World Affairs Journal, March/April 2010
On November 9, 2001, George W. Bush created a new public holiday—World Freedom Day. The United States, he explained, would lead the global fight for “liberty, freedom and the universal struggle for human rights”; it would try to help the “more than two billion people” still living under repressive regimes. The idea that America could, or should, do this had informed a certain kind of Washington mind-set throughout the Cold War. But after the Berlin Wall came down, freedom’s crusaders increasingly set their eyes not so much on Communism as on violators of human rights in general. They unfurled the banner of humanitarianism and, righteously, scorned the cowards and skeptics who wanted to keep America’s powder dry.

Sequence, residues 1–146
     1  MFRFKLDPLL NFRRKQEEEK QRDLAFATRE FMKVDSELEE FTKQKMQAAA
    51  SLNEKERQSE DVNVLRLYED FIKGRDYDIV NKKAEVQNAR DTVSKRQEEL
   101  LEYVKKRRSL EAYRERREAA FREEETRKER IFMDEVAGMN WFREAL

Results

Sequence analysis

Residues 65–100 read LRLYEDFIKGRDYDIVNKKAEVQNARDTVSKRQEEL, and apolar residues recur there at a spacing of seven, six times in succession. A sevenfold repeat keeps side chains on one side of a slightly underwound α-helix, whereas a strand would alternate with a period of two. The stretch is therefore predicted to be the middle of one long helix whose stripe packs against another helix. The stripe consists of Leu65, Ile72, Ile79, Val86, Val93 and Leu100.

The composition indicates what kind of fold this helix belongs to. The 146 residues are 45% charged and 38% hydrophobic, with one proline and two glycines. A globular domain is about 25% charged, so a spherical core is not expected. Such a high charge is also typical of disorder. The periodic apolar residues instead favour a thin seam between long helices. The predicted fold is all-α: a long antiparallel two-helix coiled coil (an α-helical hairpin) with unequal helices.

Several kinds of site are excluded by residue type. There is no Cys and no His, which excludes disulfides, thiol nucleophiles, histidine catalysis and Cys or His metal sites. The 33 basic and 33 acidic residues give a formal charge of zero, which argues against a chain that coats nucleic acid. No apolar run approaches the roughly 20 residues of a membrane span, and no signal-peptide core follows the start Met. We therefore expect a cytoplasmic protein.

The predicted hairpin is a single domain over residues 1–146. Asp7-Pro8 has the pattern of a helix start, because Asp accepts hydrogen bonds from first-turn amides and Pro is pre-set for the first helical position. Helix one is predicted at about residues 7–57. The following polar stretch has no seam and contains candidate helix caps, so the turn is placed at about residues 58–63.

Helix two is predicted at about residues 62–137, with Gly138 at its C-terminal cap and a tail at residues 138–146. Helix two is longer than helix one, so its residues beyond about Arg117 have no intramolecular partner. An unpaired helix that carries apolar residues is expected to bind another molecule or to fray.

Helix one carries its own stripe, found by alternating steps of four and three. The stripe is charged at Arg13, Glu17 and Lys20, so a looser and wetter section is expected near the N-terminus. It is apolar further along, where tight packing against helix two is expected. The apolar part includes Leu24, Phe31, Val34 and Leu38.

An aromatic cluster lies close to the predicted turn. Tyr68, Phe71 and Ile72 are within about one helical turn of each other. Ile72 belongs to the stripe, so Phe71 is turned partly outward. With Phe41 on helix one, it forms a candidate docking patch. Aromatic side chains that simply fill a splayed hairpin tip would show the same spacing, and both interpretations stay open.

Somalia, Bosnia, Rwanda, and Kosovo were all crises that the humanitarian interventionists embraced; largely indifferent to their particularities, they saw them as part of a single phenomenon—the moral bankruptcy and extreme violence of many post–Cold War regimes. They called for the use of force—for going to war (although they shied away from calling it war)— if that was what it took to prevent mass human rights violations. While they generally preferred that force to be sanctioned by U.N. approval, they were often ready to urge the United States and other Western democracies to take the lead and go it alone if necessary.
View the essay here: Saviors & Sovereigns – The Rise and Fall of Humanitarianism